Tamron's AF18-200mm F/3.5-6.3 lens is a well-made zoom that delivers
tremendous versatility in its focal length range with optical and mechanical
performance in excess of its modest price.
The estimated street price of the AF18-200mm F/3.5-6.3 lens is $399.95. For
more information, contact Tamron USA, Inc., 10 Austin Blvd., Commack, NY 11725;
(800) 827-8880, (631) 858-8400; www.tamron.com.
The Tamron AF18-200mm F/3.5-6.3 XR Di II lens I tested was in Canon EOS mount
but it was not an EF-S (Electro-Focus Short Back Focus) lens so it attaches
to many different Canon SLRs. Canon's proprietary EF-S lenses have a rubber
ring surrounding the rear element and only fit the EOS Rebel, Digital Rebel,
Xt, and 20D. That ring slips deeper into the camera than an EF lens does and
will hit the mirror if you attempt to mount an EF-S lens on non-compatible Canon
digital or film SLRs. This means that Tamron's Di II lenses will fit a
lot more Canon models, including the EOS D30, D60, 10D, 20D, Digital Rebel,
and Rebel Xt.
Ya'mie is a Denver Bronco fan for lots of reasons and here
shows how Tamron's AF18-200mm F/3.5-6.3 lens works great
for portraits, too. I used a Canon EOS 20D set at ISO 100 with
the lens fully extended to 200mm. Exposure in Shutter Priority
mode and using Canon's Speedlite 550EX flash for fill was
1/250 sec at f/9.
I've long been fascinated by Easter Island's stone
heads, but haven't yet been able to make the trip, so I'll
have to make do with this sculpture I call "the real Easter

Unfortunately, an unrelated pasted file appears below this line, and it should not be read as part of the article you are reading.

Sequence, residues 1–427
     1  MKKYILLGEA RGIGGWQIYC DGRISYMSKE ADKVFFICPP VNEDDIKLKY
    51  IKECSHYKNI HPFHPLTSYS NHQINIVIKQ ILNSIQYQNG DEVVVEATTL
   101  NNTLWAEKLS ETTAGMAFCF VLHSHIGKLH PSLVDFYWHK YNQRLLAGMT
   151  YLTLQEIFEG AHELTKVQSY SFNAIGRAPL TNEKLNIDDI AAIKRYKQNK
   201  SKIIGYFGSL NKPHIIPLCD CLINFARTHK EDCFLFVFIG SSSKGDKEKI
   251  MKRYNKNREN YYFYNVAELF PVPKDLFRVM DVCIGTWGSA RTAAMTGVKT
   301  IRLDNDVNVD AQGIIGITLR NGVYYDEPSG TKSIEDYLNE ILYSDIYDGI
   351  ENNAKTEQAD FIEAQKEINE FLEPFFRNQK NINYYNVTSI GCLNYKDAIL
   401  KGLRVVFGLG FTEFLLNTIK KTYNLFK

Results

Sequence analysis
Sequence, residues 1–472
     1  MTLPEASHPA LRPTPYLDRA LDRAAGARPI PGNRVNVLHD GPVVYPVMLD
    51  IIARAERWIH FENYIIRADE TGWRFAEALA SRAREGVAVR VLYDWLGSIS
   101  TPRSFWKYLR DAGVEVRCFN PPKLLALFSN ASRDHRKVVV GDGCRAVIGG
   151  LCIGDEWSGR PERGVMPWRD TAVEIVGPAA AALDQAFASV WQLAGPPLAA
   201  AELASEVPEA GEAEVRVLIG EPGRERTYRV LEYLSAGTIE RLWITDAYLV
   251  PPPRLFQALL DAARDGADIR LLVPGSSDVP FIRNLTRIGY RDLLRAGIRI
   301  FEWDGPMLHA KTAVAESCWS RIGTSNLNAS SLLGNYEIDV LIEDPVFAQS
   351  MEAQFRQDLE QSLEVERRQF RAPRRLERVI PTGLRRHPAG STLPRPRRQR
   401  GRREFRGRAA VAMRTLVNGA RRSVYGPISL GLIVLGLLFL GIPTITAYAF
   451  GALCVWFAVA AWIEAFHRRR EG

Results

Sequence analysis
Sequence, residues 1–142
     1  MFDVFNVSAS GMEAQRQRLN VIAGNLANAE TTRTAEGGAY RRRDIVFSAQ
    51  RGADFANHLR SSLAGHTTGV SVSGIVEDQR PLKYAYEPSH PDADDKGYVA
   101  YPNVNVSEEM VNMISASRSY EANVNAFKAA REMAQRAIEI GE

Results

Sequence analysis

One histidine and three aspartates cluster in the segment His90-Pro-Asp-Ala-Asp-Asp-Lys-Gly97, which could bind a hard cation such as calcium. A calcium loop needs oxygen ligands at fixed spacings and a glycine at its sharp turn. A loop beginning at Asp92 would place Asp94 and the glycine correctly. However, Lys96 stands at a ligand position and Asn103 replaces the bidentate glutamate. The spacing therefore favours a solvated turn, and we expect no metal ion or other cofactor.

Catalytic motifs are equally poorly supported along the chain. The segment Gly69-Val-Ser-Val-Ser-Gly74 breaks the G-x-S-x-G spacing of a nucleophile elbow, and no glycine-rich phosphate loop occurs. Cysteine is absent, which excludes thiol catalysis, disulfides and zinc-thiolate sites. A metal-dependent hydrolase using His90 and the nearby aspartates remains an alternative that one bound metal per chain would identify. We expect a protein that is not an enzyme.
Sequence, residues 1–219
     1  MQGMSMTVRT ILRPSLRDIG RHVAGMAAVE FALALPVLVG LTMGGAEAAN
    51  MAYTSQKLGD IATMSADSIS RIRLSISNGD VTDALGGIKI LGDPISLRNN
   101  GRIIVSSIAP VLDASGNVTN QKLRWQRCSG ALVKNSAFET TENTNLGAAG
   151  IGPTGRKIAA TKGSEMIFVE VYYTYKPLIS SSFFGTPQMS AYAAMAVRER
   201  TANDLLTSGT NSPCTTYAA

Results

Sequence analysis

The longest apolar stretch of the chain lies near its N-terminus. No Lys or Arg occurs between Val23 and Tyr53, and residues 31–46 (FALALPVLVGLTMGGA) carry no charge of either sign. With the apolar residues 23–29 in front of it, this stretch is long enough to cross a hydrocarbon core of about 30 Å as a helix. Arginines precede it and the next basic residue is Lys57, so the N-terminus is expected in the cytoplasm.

Island." I zoomed the Tamron AF18-200mm F/3.5-6.3 lens to
80mm while attached to a Canon EOS D30 that's been modified
to capture monochrome infrared images. Exposure was 1/100 sec
at f/16 in Aperture Preferred mode at ISO 400. A +1/3 stop exposure
compensation was applied. I digitally toned a duplicate layer
using PixelGenius' (www.pixelgenius.com) PhotoKit, then
used Adobe's Photoshop Eraser tool to erase everything on
that layer except the sculpture.
What's up, tiger lily? Tamron's AF18-200mm F/3.5-6.3
lens is more properly called "close focusing" than
macro because it only gets as close as 17.7", but with a
magnification ratio of 1:3.7 (at 200mm) who cares. This photograph
was made at 200mm at the closest focusing distance, but since
it has a pretty high magnification at that focal length, it gets
me really close to this pink tiger lily. Exposure at ISO 800 was
1/125 sec at f/10 in Manual mode. The Canon EOS 20D's built-in,
pop-up flash was used. In these kinds of shooting situations Tamron
cautions that you should remove the lens hood to avoid flash vignetting,
so I did and it did.
Acknowledgements: Thanks to Greg Mathews of The Mathews Collection
for allowing me to photograph some of the vehicles that appear in this story.
Special thanks also to Jeff Sipes at Bandimere Speedway (www.bandimere.com)
for his hospitality.